“Our nation’s current transportation system is simply outdated and unable to meet the demands of the 21st Century,” said Kerry O’Hare, policy director of Building America’s Future.  “We cannot continue to channel billions of dollars through the same old programs which lack innovation, accountability and an outcome-driven focus. The country is hungry for change and Congress and the Obama Administration have a unique opportunity to transform current transportation programs and enhance our nation’s economic competitiveness and improve the quality of life for all Americans.  The time to act is now and Building America’s Future stands ready to help build the political consensus to make this vision a reality.”

Included in the memo were four key principles to use in shaping this new transportation vision.  Excerpts:

1.      Renew Leadership at the National Level
To ensure that America has a 21st century transportation system that meets our 21st-century needs, the federal government must once again lead, by outlining key national goals that will guide how transportation investments are made in the coming years…

2.      Increase Accountability at the Federal, State, and Local Levels
Federal transportation funding is no longer guided by clear objectives. Rather, funding decisions today are based more on politics than on merit. For example, the number of earmarks in surface transportation bills has ballooned from 10 in 1981 to over 6,000 in the 2005 transportation authorization. While not all of these earmarks involved funding “bridges to nowhere,” a politicized method of distribution increases the risk of funding inefficient projects that do not meet national objectives…  In laying out a vision for a new national transportation policy, we challenge Congress to significantly reduce earmarking and offer alternate routes – with greater transparency and accountability – to achieve national goals…  Congress and the Administration must begin to hold states and localities – and themselves – accountable for ensuring that federally-funded projects meet national goals and that taxpayer dollars are being used efficiently. Otherwise, it will simply be business as usual – and that is no longer acceptable.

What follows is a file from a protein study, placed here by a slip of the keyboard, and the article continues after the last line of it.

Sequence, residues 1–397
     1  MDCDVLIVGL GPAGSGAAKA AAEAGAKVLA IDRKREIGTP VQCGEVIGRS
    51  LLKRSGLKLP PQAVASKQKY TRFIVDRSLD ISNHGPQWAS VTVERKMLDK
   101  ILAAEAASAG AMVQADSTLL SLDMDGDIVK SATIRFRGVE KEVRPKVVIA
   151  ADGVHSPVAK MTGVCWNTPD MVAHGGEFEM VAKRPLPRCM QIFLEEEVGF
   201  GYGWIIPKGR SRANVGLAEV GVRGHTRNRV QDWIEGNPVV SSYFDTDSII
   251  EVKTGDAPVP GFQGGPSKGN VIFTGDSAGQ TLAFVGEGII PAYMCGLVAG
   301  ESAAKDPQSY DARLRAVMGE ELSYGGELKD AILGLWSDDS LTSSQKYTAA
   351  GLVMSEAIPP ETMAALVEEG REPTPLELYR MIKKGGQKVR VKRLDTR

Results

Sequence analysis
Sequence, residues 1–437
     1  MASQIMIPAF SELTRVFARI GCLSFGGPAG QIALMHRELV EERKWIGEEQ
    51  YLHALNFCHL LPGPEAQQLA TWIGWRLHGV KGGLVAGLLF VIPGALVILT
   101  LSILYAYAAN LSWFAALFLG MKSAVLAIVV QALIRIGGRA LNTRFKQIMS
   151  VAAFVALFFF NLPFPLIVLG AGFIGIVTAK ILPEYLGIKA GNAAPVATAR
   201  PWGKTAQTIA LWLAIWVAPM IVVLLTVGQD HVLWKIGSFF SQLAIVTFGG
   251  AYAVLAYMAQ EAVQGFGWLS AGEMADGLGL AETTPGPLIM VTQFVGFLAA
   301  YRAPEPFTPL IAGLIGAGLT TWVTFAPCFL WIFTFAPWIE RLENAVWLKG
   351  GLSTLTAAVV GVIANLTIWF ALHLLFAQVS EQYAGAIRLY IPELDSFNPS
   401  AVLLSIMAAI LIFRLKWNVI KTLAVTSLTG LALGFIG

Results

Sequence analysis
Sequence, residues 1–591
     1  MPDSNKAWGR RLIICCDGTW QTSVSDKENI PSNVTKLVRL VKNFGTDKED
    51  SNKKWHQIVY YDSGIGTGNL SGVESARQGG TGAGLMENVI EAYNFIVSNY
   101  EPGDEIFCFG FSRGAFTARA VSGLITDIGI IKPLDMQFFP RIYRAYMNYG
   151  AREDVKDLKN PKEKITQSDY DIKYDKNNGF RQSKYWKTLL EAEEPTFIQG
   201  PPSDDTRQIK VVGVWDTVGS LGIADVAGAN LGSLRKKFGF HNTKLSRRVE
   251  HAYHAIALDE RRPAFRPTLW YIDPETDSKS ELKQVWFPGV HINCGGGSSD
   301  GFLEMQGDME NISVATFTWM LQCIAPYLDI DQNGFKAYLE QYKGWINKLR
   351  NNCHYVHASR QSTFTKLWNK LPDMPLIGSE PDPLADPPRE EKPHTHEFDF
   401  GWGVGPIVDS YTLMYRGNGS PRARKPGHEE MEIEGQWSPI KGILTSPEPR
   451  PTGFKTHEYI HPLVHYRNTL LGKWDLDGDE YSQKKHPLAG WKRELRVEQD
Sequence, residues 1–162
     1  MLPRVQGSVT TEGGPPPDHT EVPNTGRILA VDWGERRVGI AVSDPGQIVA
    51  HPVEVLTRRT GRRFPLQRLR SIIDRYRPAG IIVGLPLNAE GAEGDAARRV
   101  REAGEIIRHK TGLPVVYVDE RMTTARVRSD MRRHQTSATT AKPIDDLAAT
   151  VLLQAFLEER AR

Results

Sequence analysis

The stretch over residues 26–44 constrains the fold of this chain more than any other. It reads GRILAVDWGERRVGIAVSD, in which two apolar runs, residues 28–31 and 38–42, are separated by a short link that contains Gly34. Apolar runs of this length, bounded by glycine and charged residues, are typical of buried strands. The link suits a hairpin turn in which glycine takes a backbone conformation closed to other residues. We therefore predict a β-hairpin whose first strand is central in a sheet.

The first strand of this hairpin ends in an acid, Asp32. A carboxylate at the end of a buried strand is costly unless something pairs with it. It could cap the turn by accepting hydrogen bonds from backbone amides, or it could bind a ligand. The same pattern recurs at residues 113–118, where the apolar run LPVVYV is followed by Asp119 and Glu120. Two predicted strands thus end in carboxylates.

3.      Encourage Innovation and Flexibility at the State and Local Levels
In recent years, the federal government has begun to allow states and local governments greater flexibility in how they spend their resources, leading to increased innovation in meeting national transportation objectives. The next transportation bill should significantly accelerate this development, through streamlined processes as well as expanded financial incentive programs, such as the Urban Partnership Program…

4.      Find New Ways to Fund National Goals
The American Recovery and Reinvestment Act (ARRA) is a critical down payment on our country’s backlog of transportation capital needs.  But much more needs to be done to address both that backlog of capital projects as well as ongoing and future operations and maintenance costs. If we are truly going to address our nation’s transportation needs in the size and duration required, we need ongoing and stable streams of revenue that are dedicated to transportation…

Read the full memo at: www.investininfrastructure.org.

Filed under: Passenger Rail Politics, Passenger Rail Transportatio Policy